I have to be honest with myself sometimes and assume that I will never own a Fairchild 660. Or a matched pair of vintage U 67s. My consoles will never sound like a TG 12345, nor will my room sound like Abbey Road Studio Two. I'm comfortable with that for all of the obvious reasons. Just as comfortable as I am telling a drummer that he will never in his or her lifetime sound anything remotely like Ringo in my studio or any other. (Actually, I guess I'm kinda lucky; I've never had to be that blunt.)
However, there's that Recording The Beatles tome (Tape Op #56)-referred to as "The Bible" in these parts-sitting there near the studio couch, taunting me with details and diagrams and lab-coated inspiration. Now, Ken Scott I am not, but my love of the Beatles and their recordings often leads me to chase the REDD rabbit down the studio-hole, so to speak.
Here's a pair of software instruments utilizing the same kind of period instruments and rare recording equipment the Beatles used to create their music. Set aside the temptation to dismiss such upstarts as blasphemers; think of these two as fun tools to help us catch up to the rabbit a bit. Or something like that.
First up is the Abbey Road Keyboards ReFill for Reason; of the two, it's the only official collaboration with Abbey Road. Packaged in an absolutely gorgeous box with a 40-page full-
color booklet, which is not only a guide to the software but a history lesson of sorts on the original instruments and the studio technology used to record them at Abbey Road. This ReFill claims (in a not-entirely-inaccurate, but nonetheless cheeky way) to be "Abbey Road in a box". The concept behind its creation is deceptively simple. Book a session at Abbey Road Studio Two, record the original Beatles-era instruments using the original mics, preamps, and outboard gear from the '60s and '70s sessions; then stuff it all into your Reason rack. This is a multi-sample, multi-mic ReFill, and it's pretty clear from browsing the samples and patches that an obsessive level of care was taken to faithfully reproduce these famous keyboard sounds. All of the sample sets are presented in both 16 and 24-bit versions, so you can choose the amount of CPU pain you wish to inflict upon your system. And having simultaneous near and far mic setups means you are able to dial in as much (or as little) of the amazing Studio Two ambience as you'd like.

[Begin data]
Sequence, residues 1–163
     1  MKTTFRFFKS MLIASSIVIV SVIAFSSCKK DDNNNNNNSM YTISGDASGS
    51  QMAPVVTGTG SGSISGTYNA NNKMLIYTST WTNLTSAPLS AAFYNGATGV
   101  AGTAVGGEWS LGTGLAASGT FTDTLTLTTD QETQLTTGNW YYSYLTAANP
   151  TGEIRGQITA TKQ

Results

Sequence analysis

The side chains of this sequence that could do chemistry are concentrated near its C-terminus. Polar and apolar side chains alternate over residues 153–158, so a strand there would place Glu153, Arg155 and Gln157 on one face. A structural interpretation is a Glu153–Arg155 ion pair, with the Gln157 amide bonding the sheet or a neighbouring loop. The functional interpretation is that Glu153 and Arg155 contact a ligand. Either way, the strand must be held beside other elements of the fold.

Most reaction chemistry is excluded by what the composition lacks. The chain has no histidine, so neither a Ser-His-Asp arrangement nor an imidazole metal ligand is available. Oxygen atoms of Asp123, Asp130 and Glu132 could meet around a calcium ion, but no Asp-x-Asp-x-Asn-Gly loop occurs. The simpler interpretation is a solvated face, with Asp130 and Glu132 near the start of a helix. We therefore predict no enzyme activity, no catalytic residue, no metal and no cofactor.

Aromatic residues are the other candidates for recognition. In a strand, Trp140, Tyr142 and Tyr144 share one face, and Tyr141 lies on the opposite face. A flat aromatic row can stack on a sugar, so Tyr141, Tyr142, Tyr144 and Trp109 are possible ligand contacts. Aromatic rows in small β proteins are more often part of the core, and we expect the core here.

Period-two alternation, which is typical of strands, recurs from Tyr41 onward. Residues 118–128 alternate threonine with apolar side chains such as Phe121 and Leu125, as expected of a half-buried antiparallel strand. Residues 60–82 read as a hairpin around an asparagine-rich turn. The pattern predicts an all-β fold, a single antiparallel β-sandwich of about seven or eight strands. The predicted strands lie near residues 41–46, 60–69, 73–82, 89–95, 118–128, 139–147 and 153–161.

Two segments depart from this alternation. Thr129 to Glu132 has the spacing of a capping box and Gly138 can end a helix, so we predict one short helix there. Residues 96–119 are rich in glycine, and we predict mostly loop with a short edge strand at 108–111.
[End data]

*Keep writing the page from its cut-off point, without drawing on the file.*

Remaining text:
You get sample sets of the Steinway Upright, also called "Mrs. Mills" (fancy a bit of "Lady Madonna"?); the Challen piano; the Hammond RT-3 drawbar organ run through a Leslie 122; the Mannborg Harmonium pump organ; the Schiedmayer Celeste; a Mellotron M400 (flutes, cellos and combi sounds); and Tubular Bells. In addition to the multi-mic samples, the instruments were also captured running through Abbey Road's Echo Chamber Two for additional "classic" ambience.
Every one of these instruments sounds amazing, and with the proper keyboard controller, they can sound really expressive. I became particularly fond of the Celeste and Tubular Bell sounds after discovering that these traditionally malleted instruments sound surprisingly natural when played via my MIDI-fied fat fingers. And the sustain of each of these instruments (particularly the pianos and bells) is just ridiculous (in a good way)!